- The era of QE in Japan looks set to continue for some time yet.
- It kept policy settings unchanged in June, a decision in stark contrast to those from the ECB and Fed.
- It downgraded its view on inflation, signalling that current settings are likely to be maintained for a considerable period of time.
The US Federal Reserve is tightening monetary policy settings. And the European Central Bank (ECB) has just announced that it will end its asset purchase program at the end of the year.
The era of quantitative easing (QE) is coming to an end.
Except in Japan.
That point was rammed home today following the conclusion of the Bank of Japan’s (BoJ) latest monetary policy meeting with the bank keeping official interest rates and its quantitative easing (QQE) program steady in June.
It maintained its key policy rate at -0.1% and pledged to buy enough Japanese government bonds (JGBs) to keep benchmark 10-year yields steady at around 0%, known as yield curve control.
“With regard to the amount of JGBs to be purchased, the Bank will conduct purchases at more or less the current pace — an annual pace of increase in the amount outstanding of its JGB holdings of about 80 trillion yen — aiming to achieve the target level of the long-term interest rate specified by the guideline,” it said.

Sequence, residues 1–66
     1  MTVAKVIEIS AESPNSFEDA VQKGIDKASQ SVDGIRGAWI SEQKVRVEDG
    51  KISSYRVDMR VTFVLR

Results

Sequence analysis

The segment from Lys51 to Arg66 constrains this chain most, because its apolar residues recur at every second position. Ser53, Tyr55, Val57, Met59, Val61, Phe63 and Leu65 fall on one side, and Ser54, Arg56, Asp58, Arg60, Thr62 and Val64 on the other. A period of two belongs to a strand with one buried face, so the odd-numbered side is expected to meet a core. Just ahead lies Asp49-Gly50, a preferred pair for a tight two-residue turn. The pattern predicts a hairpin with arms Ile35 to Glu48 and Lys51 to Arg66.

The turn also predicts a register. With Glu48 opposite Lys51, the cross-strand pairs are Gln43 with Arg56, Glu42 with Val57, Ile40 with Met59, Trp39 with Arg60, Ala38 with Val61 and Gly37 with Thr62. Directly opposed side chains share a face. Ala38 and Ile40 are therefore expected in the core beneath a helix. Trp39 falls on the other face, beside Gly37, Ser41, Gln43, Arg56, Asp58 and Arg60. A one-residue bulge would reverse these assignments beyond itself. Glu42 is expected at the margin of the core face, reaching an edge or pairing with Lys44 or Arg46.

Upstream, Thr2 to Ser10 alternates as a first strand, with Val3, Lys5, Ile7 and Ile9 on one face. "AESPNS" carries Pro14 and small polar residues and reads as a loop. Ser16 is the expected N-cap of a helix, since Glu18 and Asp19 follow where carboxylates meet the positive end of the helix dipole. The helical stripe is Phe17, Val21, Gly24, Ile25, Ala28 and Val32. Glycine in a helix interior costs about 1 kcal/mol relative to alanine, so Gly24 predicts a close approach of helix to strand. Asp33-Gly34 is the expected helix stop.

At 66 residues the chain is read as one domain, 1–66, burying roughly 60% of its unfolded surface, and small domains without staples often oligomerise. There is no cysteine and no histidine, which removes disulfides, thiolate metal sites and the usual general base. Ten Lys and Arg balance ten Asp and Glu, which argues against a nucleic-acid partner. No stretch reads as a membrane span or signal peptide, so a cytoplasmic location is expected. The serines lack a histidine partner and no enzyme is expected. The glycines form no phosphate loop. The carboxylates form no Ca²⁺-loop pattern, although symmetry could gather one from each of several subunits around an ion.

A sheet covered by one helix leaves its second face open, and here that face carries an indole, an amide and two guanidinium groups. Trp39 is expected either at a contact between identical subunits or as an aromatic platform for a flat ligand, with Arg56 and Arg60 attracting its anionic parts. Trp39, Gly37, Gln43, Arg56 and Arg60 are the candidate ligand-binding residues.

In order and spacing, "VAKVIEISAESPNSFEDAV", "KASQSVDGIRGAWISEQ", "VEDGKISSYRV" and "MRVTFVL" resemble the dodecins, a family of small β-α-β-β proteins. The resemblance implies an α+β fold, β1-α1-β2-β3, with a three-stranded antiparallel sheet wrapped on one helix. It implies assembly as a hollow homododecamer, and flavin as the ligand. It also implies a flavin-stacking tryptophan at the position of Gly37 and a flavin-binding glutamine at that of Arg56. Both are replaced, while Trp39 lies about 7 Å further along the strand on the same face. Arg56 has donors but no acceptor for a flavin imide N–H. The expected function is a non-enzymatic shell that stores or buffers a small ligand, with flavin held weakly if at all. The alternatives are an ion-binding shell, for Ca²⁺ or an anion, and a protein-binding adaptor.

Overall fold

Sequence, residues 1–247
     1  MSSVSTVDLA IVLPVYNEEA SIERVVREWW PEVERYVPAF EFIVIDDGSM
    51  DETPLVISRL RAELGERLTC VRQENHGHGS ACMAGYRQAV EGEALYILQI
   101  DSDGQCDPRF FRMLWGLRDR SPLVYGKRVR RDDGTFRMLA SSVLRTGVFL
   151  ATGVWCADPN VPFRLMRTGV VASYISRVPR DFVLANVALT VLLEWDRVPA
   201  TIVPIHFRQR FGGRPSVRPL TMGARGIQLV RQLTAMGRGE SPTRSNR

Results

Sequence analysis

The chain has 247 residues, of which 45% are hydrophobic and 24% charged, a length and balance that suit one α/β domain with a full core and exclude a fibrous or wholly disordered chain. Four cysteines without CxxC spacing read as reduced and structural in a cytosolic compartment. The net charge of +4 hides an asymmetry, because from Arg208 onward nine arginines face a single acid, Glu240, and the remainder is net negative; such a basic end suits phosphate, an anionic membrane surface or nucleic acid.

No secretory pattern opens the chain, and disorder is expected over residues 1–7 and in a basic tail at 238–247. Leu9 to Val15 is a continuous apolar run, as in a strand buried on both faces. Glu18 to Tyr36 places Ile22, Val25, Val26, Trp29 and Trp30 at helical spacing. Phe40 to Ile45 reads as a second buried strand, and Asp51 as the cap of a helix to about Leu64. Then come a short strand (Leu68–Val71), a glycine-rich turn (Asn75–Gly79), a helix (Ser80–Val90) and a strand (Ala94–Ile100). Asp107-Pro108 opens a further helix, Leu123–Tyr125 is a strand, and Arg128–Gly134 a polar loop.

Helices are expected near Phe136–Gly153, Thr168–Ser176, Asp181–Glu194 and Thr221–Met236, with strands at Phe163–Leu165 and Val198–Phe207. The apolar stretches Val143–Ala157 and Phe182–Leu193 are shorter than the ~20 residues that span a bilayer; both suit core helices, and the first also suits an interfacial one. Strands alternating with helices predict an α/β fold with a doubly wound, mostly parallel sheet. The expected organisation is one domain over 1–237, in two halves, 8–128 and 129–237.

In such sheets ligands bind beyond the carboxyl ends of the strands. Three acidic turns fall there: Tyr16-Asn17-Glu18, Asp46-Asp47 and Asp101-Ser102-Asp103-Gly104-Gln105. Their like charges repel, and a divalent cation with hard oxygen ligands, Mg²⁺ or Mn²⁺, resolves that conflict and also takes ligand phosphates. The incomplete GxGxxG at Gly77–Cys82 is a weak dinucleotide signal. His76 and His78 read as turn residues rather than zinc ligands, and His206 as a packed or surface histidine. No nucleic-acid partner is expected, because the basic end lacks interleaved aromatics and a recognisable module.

While the BoJ has not been buying anywhere near that amount recently given yields have remained near target, it kept the arbitrary figure in nonetheless, perhaps as a reminder to markets that it is still prepared to buy an even greater amount of bonds should the need arise.
The board voted 8-1 to keep policy unchanged, as was the case when it last met in May.
Goushi Kataoka was once again the only member to dissent against the decision, arguing the bank should purchase JGBs so that long-term yields are “lowered further”.
Kataoka added that the possibility of consumer price inflation (CPI) lifting back towards the bank’s 2% target as “low at this point”.
Core CPI in Japan sits at just 0.7%, and has been decelerating, rather than accelerating, in recent months.
Hinting that Kataoka’s opinion may well be right, the BoJ also downgraded its assessment on inflation, describing it as “in a range of 0.5 to 1%”.
It previously stated that it was moving at around 1%.
Despite some less-than-stellar Japanese economic data recently, including a steep contraction in GDP growth in the March quarter, the BoJ kept its view on the economy unchanged, describing it as “expanding moderately”.
While the decision to keep policy was entirely expected, by downgrading its assessment on inflation and keeping its pledge to buy 80 trillion yen in JGBs per annum, the move reinforces the point that the outlook for policy settings in Japan are very different to those elsewhere in the world at present.
In the absence of an unexpected, and somewhat unlikely, pickup in Japanese inflationary pressures, it looks like the BoJ will be buying a lot more bonds ahead.